Sunday, January 30, 2005

RE: Jack Random's Lines in The Sand

By Jake Berry

A wonderful article and I think a hopeful one because ultimately it takes us toward the inevitable realization of the irrelevance of the Bush administration. The irony of the "mission accomplished" banner was that it really advertised a failure. In an administration that purports to export democracy, that declares "freedom is on the march" it has done little more than destabilize world politics and the global economy. It succeeded in removing Saddam from power only to leave a violent breeding ground for terror and hatred. It removed the Taliban only to return control of the country to warlords and terrorists. And these are their greatest successes. In all other respects, they have publicly, abjectly failed. They have no tools left but violence, and even that violence will now be irrelevant because no one believes in whatever reason they give for the violence. Not two weeks into his second term and the U.S. and the world read Bush as a thing of the past, a sputtering relic of failed policy. Whatever the Iraqi's can do to end the occupation, by voting, writing a constitution, will be a good thing because not until the occupying forces leave can they get an honest glimpse of what lies before them and what is possible for them. The neo-conservatives had hoped to Americanize, to Disneyfy and Wal-Martize Iraq. Even they now realize that the degree to which these things may or may not happen lies completely beyond their control. We are spectators to our own disaster and the November elections assured us that for the next four years there is little we can do but watch the edifice crumble. There is hope in this. Because now, once again, the world is on its own and American imperialism is realized for what is truly is: a defunct comedy, bankrupt, shut down and laughed out of town.

[Note: Lines in The Sand is posted on -- Government & Politics ]


By Chris Mansel

Don’t Look In The Mirror, It Don’t See You Anymore

(for Betty Jo Tucker)

The deepening wound of what is going on in Iraq is that now, right now, we know it is wrong. We know it is wrong now and in fifty years, it will still be wrong. Time will show that this was a war fought for the sole purpose of greed. For our troops, for the civilians in Iraq who must try to live day-to-day it is a horror, a true horror. Remember the footage of the women and men in Kosovo running in the streets after doing their shopping, hoping the snipers would not get them? What the snipers didn’t get the onslaught of ethnic cleansing did.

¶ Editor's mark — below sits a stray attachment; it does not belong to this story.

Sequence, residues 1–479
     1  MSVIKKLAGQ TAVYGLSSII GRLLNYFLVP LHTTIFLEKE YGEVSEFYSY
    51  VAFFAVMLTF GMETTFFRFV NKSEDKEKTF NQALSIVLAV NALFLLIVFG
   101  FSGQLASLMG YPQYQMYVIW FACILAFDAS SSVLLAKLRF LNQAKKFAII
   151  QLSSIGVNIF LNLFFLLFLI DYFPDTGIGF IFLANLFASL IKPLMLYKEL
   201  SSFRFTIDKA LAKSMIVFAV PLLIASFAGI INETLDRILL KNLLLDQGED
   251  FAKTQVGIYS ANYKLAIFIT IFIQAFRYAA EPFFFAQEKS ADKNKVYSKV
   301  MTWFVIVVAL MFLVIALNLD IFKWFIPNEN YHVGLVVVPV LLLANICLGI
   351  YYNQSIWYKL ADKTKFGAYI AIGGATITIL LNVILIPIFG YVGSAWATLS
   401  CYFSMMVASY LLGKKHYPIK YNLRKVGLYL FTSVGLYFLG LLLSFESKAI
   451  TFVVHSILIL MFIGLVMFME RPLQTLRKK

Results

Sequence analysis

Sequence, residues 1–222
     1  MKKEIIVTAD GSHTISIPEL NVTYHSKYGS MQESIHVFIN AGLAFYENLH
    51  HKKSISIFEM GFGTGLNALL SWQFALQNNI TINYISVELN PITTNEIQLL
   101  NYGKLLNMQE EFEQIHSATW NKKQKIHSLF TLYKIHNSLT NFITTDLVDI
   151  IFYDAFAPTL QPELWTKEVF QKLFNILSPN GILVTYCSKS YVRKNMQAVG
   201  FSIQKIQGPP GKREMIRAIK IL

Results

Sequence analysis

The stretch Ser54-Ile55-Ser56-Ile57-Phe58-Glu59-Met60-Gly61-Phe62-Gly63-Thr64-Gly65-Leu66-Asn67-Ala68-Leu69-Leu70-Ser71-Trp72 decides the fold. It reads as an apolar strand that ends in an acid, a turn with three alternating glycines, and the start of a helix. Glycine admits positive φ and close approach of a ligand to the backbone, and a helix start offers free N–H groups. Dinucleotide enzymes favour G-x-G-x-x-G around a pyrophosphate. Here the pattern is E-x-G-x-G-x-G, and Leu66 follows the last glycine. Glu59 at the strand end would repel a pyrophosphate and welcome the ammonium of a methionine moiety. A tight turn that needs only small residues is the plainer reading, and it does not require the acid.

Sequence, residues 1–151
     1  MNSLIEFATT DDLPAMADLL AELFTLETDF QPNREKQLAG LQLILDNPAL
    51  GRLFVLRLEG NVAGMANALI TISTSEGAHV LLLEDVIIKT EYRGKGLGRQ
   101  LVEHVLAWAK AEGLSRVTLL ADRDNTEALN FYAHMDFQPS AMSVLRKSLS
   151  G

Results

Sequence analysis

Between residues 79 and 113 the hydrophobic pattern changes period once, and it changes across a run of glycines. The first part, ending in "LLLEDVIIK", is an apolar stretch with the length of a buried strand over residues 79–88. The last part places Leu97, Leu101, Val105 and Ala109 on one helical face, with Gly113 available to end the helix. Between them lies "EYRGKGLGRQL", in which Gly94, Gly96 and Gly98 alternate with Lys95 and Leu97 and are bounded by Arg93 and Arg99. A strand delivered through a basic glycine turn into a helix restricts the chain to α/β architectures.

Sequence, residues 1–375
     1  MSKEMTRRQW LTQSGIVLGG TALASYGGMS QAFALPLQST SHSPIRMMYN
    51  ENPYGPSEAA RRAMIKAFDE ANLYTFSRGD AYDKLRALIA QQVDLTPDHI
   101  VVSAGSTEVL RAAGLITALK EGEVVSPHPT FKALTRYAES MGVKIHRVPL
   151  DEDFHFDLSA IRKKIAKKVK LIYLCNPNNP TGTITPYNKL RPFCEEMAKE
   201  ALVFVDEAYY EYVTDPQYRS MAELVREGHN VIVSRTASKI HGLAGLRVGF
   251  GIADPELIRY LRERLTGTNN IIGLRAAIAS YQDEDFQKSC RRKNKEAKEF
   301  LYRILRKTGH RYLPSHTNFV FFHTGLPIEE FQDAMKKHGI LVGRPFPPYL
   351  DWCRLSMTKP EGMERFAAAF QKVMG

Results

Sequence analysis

From the Oklahoma City bombing to the elections in Iraq we have watched as our eyes glazed over with panic and ignored that shaking in our body so that we have become accustomed to the sight of bodies lined up on the street or parking lot. Mourners gather and placed flowers in Oklahoma City, in New York at the site of the World Trade Center. America was moved and the media exploited even that. We saw daily photographs of the notes, the cards, the flowers etc. In Iraq, it is a different story. I can imagine Iraqis lining up to place the flowers they don’t have on the site of a bombing and being hit by the shrapnel of another bombing just a few feet away, those that manage to make it home are bombed accidentally by an American plane that had mechanical trouble. I heard on the news today that gunmen took over a school that was to be used for a voting place. They drove everybody out of the building and then blew it up. Where exactly does this fit into the budget of rebuilding Iraq and its allotment for education? An estimate of three hundred billion dollars has been spent on a war that could not wait for diplomacy.

President Bush cannot dig enough graves on this earth and that aftershock you feel is not an earthquake but the earth trembling not only in fear, but also in sorrow. That shaking is the center of our only planet’s heart breaking.

- Chris Mansel